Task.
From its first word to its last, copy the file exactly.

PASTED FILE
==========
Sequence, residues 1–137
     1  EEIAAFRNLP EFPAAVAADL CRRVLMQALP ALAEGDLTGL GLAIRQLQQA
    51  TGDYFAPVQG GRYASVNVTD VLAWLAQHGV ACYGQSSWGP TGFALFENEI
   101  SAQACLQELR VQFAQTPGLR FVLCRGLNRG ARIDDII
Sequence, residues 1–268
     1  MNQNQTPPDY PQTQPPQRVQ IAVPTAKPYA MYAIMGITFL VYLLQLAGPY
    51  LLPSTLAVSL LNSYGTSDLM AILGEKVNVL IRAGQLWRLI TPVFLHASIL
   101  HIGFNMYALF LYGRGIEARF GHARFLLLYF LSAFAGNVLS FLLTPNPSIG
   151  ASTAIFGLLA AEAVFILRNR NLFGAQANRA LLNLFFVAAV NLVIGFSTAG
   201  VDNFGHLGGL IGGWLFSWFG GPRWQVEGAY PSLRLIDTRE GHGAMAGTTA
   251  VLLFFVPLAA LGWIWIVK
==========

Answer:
Sequence, residues 1–137
     1  EEIAAFRNLP EFPAAVAADL CRRVLMQALP ALAEGDLTGL GLAIRQLQQA
    51  TGDYFAPVQG GRYASVNVTD VLAWLAQHGV ACYGQSSWGP TGFALFENEI
   101  SAQACLQELR VQFAQTPGLR FVLCRGLNRG ARIDDII
Sequence, residues 1–268
     1  MNQNQTPPDY PQTQPPQRVQ IAVPTAKPYA MYAIMGITFL VYLLQLAGPY
    51  LLPSTLAVSL LNSYGTSDLM AILGEKVNVL IRAGQLWRLI TPVFLHASIL
   101  HIGFNMYALF LYGRGIEARF GHARFLLLYF LSAFAGNVLS FLLTPNPSIG
   151  ASTAIFGLLA AEAVFILRNR NLFGAQANRA LLNLFFVAAV NLVIGFSTAG
   201  VDNFGHLGGL IGGWLFSWFG GPRWQVEGAY PSLRLIDTRE GHGAMAGTTA
   251  VLLFFVPLAA LGWIWIVK